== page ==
418. The Company's holdings extend to 7,200 square miles, and the maximum capacity of the Mill is 600 tons of paper a day. At the present time its output is approximately 500 tons a day when working. The number of men employed in the Mill is about 700. It is particularly unfortunate that a feeling of discontent should have existed since it is recognised by the management that the staff of the Mill is highly efficient and has uniformly given of its best; while the Mill itself is excellently laid out, suitable for easy working, well lighted and ventilated. Labour has been very stable; the average length of time served in the Mill by each employee is 5½ years; the men are accustomed to their duties and work steadily and well. These considerations must again make for a low cost of production.

  419. Of the employees in the Mill, including heads of departments, 94 per cent. are Newfoundlanders. Their general health is good and the Company provides them, but not their families, with free medical attention. Like Grand Falls, Corner Brook has been very well laid out and has all the amenities of a modern town. There is a well-equipped hospital, which is maintained by the Company: each employee is required to contribute 50 cents a month towards the cost. There are public schools. The Company owns a hotel, catering for the staff and the public, which is attractively situated, pleasingly designed and efficiently managed.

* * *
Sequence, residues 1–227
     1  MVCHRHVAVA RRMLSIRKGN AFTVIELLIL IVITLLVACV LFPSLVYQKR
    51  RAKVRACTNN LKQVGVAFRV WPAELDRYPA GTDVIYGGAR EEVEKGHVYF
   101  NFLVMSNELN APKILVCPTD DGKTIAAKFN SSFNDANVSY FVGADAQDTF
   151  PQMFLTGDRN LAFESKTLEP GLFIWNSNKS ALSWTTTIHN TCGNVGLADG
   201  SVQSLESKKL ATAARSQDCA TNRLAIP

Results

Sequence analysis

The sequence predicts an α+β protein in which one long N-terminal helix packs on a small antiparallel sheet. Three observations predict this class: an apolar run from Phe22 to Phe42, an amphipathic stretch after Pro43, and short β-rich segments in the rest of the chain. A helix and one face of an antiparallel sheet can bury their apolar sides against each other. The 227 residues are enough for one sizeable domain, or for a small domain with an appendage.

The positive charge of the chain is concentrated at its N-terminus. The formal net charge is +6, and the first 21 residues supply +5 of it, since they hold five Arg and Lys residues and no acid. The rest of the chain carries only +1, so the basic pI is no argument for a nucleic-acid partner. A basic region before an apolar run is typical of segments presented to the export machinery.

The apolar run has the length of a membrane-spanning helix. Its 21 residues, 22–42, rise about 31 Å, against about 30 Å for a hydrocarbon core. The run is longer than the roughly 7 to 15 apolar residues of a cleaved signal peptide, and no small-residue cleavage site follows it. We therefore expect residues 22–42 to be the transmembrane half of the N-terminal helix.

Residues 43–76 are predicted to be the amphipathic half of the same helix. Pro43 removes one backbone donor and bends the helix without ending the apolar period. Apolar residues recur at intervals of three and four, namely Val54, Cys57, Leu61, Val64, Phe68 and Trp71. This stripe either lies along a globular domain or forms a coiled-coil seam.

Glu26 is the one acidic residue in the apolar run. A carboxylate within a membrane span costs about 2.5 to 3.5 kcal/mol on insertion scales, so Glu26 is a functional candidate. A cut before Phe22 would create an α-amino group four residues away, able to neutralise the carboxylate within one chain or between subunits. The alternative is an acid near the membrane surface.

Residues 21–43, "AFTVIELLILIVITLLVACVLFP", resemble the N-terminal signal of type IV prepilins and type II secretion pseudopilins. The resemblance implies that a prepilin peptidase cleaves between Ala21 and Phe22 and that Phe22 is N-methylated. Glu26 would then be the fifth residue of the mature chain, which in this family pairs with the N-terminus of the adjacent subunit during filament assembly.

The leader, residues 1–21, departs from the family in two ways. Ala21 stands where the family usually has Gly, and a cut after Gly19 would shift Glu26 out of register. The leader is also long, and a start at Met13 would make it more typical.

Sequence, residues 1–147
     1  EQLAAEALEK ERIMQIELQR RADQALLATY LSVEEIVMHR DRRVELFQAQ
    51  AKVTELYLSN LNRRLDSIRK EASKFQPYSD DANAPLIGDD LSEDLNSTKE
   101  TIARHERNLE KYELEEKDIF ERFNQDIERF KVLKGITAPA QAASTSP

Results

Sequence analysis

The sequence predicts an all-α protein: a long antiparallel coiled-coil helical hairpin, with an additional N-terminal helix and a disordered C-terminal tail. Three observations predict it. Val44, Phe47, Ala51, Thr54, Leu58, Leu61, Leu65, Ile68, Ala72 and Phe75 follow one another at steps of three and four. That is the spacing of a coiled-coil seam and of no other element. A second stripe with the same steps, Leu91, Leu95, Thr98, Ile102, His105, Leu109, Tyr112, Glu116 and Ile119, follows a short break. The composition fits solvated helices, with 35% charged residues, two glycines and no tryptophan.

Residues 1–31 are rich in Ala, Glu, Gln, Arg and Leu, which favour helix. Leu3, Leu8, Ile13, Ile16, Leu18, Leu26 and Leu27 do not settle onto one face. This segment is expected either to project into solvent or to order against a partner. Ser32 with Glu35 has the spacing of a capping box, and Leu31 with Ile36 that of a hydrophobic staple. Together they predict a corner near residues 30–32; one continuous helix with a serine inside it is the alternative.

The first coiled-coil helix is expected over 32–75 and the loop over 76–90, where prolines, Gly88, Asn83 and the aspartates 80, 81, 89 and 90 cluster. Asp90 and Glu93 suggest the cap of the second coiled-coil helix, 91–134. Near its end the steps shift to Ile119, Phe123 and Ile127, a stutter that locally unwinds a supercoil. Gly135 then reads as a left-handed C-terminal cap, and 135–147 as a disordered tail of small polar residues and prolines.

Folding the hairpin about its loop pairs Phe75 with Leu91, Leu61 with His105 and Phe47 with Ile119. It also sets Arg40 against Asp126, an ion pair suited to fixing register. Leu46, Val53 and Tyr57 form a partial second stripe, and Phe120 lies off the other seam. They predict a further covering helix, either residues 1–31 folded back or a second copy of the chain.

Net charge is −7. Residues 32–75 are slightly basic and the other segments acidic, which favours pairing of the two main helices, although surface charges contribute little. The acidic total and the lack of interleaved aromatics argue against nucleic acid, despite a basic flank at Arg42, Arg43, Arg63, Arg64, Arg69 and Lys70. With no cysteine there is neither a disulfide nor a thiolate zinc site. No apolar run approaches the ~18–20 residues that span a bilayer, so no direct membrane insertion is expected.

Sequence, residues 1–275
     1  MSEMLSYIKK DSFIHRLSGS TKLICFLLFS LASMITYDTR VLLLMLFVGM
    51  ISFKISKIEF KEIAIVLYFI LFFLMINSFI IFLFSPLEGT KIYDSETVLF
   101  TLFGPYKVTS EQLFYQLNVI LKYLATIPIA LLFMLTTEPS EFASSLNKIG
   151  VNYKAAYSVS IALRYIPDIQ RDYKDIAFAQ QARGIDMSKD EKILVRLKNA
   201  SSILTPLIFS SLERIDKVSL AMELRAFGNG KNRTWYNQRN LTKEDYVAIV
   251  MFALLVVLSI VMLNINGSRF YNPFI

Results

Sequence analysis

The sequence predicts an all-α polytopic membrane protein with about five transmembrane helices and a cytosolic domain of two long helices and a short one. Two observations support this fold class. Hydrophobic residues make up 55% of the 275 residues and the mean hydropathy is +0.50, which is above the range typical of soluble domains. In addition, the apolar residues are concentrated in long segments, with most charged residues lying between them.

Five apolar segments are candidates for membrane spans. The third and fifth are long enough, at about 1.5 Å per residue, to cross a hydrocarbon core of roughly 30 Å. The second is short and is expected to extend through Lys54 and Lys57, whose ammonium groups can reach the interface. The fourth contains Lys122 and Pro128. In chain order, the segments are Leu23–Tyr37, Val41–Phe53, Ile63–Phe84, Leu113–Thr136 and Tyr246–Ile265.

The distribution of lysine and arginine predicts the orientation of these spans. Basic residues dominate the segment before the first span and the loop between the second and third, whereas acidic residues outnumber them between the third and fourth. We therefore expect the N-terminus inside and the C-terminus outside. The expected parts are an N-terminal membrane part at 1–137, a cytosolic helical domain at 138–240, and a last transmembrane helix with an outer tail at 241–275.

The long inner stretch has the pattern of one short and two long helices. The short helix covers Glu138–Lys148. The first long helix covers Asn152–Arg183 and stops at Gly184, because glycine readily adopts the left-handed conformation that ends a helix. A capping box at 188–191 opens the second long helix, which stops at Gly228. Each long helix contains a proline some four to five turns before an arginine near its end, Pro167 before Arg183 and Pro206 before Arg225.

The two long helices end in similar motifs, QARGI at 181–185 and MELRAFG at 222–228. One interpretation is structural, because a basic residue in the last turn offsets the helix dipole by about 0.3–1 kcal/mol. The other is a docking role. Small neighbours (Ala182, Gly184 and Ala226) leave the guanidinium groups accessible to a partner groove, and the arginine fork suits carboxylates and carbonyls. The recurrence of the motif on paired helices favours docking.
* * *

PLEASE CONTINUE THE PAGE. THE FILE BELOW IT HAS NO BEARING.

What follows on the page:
420. If the lot of the employees in the Mill is at present a hard one, that of the woodsman is well-nigh desperate. The reduction of the output of the Mill has naturally been reflected in a reduction of the amount of timber required. Cutting has, therefore, been curtailed, and in one district, where no less than 50,000 cords were cut in 1931, no cutting took place in 1932. Numbers of men have, therefore, been unable to obtain employment while, in the case of those who have been unfortunate enough to do so, reductions in the rates offered have been such as to deprive them of all hope of earning a livelihood for themselves and their families. The average price paid per cord last season was $1.00-$1.30, as compared with $1.20-$1.50 in 1931 and $2.50 in normal times. The average cut per man was 1.3 cords a day. Each man, out of his earnings, was required to pay 66 cents a day for board and was subject to other incidental expenses. The margin thus left to him at the end of many weeks' hard work was insignificant: indeed, he was fortunate if he was able, as the Newfoundlander say, to "break even." As a result of these unfortunate experiences, the contiguous town of Deer Lake, which has grown up as a lumber centre, has been reduced to a state bordering on pauperism. Many families have been compelled to seek public relief and the remainder are in serious straits.*